Has Burma made enough reforms to have military-to-military cooperation with the U.S.? Congressman Steve Chabot (R–OH) says no.
John Sifton from Human Rights Watch added that the Obama Administration has failed to lay out benchmarks for reform and has not created an incentive structure that will encourage future reforms.
Jennifer Quigley, executive director for U.S. Campaign for Burma, noted that this is because the Administration has “over-valued engagement and undervalued the significance of sanctions.”
Burma has experienced major political reforms, but these reforms have been offset by nagging problems, including continued human rights abuses against minority ethnic and religious groups such as the Christian Kachin and Muslim Rohingya, sexual slavery, detention of political prisoners, and rampant land confiscation.
Additionally, Burma has continued its illicit relationship with North Korea. Keith Luse, a former Republican staffer on the Senate Foreign Relations Committee, asked a series of 10 questions about the nature of North Korea’s cooperation with Burma, the role that Burma is playing in advancing North Korea’s nuclear capabilities, and the number and type of weapons exchanged between the two countries.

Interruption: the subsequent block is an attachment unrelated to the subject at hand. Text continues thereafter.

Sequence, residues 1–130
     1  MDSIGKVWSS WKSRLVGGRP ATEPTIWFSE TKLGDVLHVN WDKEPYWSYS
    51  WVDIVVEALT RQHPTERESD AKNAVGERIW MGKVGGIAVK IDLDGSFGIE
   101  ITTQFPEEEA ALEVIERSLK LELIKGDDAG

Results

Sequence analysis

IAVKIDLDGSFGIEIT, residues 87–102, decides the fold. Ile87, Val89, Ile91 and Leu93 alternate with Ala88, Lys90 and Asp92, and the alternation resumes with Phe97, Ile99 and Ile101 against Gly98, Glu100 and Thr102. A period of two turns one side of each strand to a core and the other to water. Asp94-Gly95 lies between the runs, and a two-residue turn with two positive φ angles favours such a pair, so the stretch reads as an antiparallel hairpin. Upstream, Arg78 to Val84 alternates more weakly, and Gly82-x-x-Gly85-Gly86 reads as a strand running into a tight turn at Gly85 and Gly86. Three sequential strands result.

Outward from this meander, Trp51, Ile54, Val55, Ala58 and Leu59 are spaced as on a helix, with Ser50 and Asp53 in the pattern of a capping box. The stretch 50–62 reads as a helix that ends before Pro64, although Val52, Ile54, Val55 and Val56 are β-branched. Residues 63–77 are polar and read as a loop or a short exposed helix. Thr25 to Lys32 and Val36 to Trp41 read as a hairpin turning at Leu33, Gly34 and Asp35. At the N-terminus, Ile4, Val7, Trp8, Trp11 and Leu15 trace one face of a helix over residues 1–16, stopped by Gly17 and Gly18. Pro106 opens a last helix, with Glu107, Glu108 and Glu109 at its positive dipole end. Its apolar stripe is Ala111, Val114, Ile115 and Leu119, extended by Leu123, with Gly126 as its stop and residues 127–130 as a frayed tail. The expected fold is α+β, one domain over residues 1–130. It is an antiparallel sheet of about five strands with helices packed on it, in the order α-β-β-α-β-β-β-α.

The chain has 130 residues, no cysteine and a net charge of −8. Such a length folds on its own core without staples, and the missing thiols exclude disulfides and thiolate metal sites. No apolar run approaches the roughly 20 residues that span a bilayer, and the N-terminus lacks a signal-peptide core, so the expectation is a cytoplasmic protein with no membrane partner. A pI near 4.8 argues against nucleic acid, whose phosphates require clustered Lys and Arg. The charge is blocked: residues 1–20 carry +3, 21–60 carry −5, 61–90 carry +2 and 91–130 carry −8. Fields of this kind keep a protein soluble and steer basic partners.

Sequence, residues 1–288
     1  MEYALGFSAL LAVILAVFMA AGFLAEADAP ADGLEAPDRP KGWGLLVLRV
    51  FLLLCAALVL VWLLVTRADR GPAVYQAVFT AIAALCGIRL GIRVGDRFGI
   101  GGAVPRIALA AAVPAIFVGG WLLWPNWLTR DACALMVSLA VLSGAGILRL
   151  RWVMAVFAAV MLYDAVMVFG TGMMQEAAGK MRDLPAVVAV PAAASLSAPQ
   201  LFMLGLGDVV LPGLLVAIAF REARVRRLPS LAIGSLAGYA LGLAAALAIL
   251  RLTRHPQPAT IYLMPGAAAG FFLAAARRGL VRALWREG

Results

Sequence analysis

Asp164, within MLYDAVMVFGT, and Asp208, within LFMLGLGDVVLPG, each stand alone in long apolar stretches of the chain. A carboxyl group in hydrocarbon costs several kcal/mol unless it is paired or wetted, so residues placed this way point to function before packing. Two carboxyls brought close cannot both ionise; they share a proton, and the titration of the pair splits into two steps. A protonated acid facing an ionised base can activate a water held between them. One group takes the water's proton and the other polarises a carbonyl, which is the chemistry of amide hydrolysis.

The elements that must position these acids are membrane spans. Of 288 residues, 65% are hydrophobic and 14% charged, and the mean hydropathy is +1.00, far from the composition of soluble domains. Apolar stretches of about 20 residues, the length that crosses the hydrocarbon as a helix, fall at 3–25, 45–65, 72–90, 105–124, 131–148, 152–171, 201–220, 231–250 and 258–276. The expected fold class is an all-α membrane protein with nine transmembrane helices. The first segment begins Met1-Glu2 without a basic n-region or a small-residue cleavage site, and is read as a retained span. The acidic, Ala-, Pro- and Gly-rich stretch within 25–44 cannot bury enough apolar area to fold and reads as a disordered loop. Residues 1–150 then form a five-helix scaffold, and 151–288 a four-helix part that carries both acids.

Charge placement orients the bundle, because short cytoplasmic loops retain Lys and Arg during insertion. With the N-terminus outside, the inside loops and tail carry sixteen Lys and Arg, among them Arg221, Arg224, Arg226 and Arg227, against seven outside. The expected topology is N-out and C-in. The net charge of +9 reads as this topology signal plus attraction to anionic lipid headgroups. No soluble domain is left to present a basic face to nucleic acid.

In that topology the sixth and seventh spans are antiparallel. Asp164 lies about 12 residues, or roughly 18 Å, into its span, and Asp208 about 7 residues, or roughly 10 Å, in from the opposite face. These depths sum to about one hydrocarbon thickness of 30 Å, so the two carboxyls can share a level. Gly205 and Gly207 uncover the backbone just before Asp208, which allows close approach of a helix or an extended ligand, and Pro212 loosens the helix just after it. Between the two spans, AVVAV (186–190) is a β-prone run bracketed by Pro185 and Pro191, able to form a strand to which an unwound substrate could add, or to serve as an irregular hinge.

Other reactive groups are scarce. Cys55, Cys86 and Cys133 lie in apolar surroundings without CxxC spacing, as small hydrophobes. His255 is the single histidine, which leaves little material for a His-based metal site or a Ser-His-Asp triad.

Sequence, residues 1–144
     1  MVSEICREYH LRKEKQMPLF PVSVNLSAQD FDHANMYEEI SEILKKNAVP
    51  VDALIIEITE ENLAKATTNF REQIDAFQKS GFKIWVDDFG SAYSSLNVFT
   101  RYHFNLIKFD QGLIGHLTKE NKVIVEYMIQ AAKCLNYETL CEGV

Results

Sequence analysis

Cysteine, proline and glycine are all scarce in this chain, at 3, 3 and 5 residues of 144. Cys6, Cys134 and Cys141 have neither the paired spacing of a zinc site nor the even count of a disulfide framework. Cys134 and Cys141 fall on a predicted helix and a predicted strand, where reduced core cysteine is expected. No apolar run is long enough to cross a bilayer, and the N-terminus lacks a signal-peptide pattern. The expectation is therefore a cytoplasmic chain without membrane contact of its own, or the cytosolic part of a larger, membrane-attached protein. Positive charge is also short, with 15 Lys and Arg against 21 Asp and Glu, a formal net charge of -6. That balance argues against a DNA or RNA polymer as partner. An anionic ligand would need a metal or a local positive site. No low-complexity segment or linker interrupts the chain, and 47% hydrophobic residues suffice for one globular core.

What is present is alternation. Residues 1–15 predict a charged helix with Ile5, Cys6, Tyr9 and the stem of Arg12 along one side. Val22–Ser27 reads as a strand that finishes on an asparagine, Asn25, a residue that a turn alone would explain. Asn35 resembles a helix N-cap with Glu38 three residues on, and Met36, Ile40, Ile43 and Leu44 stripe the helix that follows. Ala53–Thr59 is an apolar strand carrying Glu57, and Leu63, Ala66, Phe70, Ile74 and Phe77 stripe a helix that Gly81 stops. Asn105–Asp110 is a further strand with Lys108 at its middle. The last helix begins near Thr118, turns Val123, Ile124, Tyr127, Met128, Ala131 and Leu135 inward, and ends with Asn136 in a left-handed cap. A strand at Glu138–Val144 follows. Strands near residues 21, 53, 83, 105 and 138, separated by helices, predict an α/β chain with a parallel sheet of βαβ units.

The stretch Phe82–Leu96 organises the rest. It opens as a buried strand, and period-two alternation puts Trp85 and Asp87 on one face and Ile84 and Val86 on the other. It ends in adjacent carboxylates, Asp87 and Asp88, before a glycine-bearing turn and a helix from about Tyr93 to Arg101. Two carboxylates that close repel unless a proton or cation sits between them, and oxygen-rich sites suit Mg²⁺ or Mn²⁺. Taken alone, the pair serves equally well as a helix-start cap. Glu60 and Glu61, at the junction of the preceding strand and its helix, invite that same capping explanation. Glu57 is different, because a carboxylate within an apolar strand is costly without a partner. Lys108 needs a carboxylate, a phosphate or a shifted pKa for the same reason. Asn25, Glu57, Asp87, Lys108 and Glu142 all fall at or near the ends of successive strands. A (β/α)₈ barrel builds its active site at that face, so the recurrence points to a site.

Burma has received premature rewards for its yet reversible political reforms. In addition to a reduction in sanctions, Burma was granted observatory status for the Cobra Gold military exercises—the largest multinational military exercises in Southeast Asia—despite the Burmese military’s well-documented record of brutality. According to Quigley, rewards for improvements should go to the reformers or the Burmese government, not the military, which has done little in the reform process.
The Obama Administration has failed to be completely transparent with its policies toward Burma. In fact, Chabot recounted how the Administration has refused for months to publicly testify on Burma policy before the House Subcommittee on Asia and the Pacific, leaving many in the policy community in the dark about what its intentions are for military-to-military relations with Burma.
The Administration needs Burma to be a success story—and, in fact, is already championing Burma as such. But Burma has not yet proven that its reforms will last. Rather than delivering a hasty reward, the Obama Administration should be more transparent, measured, and calculating in the way that it engages with Burma. Military-to-military cooperation with Burma at this point in time is premature.
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